I never wondered about anything like this until I smoked pot. “I don’t mean that pot opened my mind. I just liked it. I had this fascination with it. Here I was living this family life, and then it was the late 60s, and you’d hear about it. There were pictures in the newspaper of the officer in Berkeley smoking a marijuana cigarette on the courthouse steps. You’d hear about acid. And I started to wonder. It’s not like someone pulled me there. There was just something inside of me that made me curious.

“One day there was a guy who gave me a ride to school, and I heard him telling somebody else that another guy had come into his gas station and offered him a joint, but he didn’t take it. And I told him, Hey, the next time he offers you one, take it and give it to me. The guy said Why? Are you interested? And I said, Yes I am!”

Thus, with no more than his own curiosity to herald it, with no one to blame or congratulate but himself, and breaking his parents’ hearts, Guillermo followed his own lead, took an about-turn, and built a wall around his life.

Part II: Bricking the Walls of His Own Prison

The first walls around Sing-Sing, one of the oldest prisons in America, were originally constructed out of stones from a nearby quarry. Those stones were cut, carried and hefted sturdily into position by the very prisoners who were to be caged there. It could be argued that Guillermo Willie, beginning in the late 1960′s, began adopting beliefs and making choices that one-by-one-by-one became the impenetrable building blocks in the high walls of his own thirty-eight year incarceration.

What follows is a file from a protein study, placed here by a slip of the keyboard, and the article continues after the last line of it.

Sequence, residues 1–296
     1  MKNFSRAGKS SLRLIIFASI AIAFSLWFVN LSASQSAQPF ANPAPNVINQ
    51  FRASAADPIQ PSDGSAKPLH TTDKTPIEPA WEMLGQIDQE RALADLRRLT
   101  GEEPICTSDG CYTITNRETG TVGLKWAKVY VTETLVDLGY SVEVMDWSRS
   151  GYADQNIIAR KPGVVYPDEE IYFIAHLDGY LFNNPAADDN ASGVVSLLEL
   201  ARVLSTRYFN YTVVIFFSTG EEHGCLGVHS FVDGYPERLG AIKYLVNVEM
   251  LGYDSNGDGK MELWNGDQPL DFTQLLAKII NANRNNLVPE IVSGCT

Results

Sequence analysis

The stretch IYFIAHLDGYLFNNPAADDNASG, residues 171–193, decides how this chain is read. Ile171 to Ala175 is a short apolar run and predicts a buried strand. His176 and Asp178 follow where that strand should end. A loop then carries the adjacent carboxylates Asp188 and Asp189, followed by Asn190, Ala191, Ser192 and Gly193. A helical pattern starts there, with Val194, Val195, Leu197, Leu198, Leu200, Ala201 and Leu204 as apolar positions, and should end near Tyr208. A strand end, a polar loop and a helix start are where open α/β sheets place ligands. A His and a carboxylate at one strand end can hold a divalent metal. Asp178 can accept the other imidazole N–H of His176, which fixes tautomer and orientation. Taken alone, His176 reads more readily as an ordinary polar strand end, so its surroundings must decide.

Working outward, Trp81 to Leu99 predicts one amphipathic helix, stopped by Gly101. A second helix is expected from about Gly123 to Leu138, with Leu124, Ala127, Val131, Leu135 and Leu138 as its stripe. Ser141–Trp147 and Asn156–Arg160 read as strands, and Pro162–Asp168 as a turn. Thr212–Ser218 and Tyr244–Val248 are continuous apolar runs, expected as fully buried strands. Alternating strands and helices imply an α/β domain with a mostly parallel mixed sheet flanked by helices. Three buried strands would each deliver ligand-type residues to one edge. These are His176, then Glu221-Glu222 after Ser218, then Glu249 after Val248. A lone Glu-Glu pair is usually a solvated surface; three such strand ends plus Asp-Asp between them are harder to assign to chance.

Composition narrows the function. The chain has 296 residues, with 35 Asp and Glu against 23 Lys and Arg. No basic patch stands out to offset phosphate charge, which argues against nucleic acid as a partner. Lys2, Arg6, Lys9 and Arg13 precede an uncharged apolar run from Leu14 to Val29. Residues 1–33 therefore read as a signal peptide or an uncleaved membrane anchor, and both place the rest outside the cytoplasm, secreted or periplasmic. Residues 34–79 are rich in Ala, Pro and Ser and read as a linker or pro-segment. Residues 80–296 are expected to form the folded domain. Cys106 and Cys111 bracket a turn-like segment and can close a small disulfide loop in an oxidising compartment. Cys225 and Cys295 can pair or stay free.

Guillermo sums up how he became a prisoner in two words: “I jumped!” He went from a young man who minded his parents, attended church and carried an armload of books to and from school every day into a full blown, drug involved drop-out in the space of a few months.

“Once I got arrested for drugs the first time, after that I would get arrested, arrested, arrested—I don’t know, 15, 20, 30 times. And it was all drug-related or under the influence stuff. But I didn’t care. It became fun.”